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Media Relations for the Young PR Pro

By Affect Team | On September 12, 2013

You’ve finally landed that dream “Account Coordinator” position and you are super eager to put all of your education to use at your new agency. Even at the junior level, you may find yourself pitching journalists and trying to foster relationships that result in coverage for your clients.

But how can you do that? It may seem like a daunting task, but if you follow a few tried-and-true tips, you’ll find yourself putting the “relations” in “media relations” in no time.

Don’t be afraid to send an introduction email.

Once you identify key targets for your clients, reach out and introduce yourself.  This could be a simple: “Hi John, my name is Jess, I recently began working with my client, XX and I know you work in that space. Perhaps we can work together on your upcoming needs.” Never underestimate good e-courtesy.

Present yourself (and your client) as a resource.

So many times, we find ourselves pitching because we need to get secure coverage for our client—but do you ever offer anything else to the reporter? When there is a story that relates to their beat, send them a note (even better if you can insert your client in there). Let them know you are there as a resource, and not just another faceless PR person who needs something.

Stay in touch.

So you secured coverage, or an interview, or interest…what now? Stay in touch! Don’t let it end there. Send them a thank-you note and keep the conversation going. Once you have struck up a relationship, follow up, pick up the phone and ask how they’re doing. Follow and interact with them on social media as much as possible. This way, when you need that coverage, they will see your name in their inbox and be more likely to open it.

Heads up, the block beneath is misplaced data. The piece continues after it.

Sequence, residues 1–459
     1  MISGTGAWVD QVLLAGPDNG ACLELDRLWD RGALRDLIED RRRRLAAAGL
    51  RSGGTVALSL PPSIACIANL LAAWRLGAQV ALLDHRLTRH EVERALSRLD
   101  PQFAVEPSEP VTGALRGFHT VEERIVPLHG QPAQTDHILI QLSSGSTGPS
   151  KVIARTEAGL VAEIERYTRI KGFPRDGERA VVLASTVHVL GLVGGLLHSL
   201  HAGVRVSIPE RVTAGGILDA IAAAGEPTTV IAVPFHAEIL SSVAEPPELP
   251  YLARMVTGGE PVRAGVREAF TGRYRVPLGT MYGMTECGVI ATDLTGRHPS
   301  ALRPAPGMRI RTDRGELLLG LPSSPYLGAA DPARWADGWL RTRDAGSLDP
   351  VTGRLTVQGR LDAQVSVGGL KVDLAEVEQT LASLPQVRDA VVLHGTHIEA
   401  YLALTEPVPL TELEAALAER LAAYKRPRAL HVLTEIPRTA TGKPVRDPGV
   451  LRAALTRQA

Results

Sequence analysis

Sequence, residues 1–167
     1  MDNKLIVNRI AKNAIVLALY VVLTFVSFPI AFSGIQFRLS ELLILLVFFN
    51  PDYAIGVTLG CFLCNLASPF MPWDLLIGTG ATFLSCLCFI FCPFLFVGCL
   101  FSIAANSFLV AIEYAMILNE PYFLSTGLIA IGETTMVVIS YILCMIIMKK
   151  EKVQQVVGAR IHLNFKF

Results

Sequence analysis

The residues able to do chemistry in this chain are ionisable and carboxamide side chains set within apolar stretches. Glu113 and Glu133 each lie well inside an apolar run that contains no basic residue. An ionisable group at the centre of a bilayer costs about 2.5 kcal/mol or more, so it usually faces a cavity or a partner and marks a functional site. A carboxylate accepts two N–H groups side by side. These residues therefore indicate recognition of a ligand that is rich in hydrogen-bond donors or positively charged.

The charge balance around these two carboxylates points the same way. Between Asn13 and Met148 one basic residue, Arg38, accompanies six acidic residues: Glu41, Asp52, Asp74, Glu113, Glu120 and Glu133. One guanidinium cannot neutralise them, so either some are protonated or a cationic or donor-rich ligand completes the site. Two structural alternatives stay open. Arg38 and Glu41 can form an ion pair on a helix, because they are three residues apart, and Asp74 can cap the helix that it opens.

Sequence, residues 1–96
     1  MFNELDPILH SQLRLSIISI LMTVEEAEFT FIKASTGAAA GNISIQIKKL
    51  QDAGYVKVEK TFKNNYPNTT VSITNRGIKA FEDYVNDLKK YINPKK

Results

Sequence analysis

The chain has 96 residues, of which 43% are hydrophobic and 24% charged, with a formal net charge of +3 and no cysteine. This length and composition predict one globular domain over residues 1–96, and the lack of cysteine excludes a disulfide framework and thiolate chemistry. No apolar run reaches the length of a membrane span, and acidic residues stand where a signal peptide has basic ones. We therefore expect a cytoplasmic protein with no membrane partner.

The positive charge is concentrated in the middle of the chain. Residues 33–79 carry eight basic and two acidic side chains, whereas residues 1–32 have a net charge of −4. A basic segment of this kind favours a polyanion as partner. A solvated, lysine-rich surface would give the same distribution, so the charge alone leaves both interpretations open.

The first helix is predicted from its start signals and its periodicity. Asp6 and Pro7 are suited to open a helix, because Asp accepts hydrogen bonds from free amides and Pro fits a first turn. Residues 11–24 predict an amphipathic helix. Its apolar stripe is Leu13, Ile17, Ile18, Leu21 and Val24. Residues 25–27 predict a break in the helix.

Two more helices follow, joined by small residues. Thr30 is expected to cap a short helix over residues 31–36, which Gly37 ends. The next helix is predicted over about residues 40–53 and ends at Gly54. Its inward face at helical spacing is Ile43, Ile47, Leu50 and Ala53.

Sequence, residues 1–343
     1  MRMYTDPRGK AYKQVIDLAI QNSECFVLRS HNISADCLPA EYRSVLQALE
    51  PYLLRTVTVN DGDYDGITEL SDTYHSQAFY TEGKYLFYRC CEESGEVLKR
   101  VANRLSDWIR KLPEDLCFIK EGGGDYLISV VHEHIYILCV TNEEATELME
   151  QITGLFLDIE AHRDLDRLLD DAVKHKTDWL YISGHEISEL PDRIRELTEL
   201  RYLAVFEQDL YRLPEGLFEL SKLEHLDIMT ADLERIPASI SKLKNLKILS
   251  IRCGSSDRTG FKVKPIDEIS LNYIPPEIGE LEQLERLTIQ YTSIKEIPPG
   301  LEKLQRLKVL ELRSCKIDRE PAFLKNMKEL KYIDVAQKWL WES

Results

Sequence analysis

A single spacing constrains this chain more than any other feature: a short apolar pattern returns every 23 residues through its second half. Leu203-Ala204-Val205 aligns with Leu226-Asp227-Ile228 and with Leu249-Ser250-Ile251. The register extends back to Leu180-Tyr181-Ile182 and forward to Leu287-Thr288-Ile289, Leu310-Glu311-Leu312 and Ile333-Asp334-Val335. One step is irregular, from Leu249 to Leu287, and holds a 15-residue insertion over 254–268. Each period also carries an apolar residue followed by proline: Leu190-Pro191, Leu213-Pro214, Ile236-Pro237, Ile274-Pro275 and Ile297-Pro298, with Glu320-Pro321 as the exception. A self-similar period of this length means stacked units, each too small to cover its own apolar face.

Pick up the phone.

Email is great, but all the best media relations’ experts know that the best connections are made over the phone. If you’ve pitched the contact and you have inkling that it is a good angle for their beat (do your research!), then pick up the phone and give them a call. Be polite, ask them if they have a minute and go from there. Affect’s president Sandra, made a great point about phone pitching the other day: once you have them on the phone, don’t take “no” as an immediate answer; they can’t take an interview; how about a background briefing? They don’t cover product releases; how about a thought leadership pitch? Keep the conversation going and it will pay off.

Remember; this is a relationship, it needs time to grow.

Like all relationships, it will take time grow your media relationships. Keep calling your contact and following up with them. Make sure you are staying on top of what they write; stay in touch and remember they’re human, and treat them as such.

I hope these ideas for building relationships with members of the media help you, until then…we’ll be over here on the phone.

Do you have any tips or advice for young PR pros on building relationships with the media? Let us know!

Affect Team

As VP of HR & Operations, Regina Pyne is responsible for running the day-to-day operations at Affect, including finding ways to make the company more productive through its business operations and human resource management. She also handles recruiting for the agency; creating and implementing policies; staff development and management; benefits and contract management and operations management. Before transitioning to her role in HR and Operations, Regina worked on the client side as an Account Supervisor, where she managed PR accounts and provided strategic counsel to B2B technology and healthcare clients.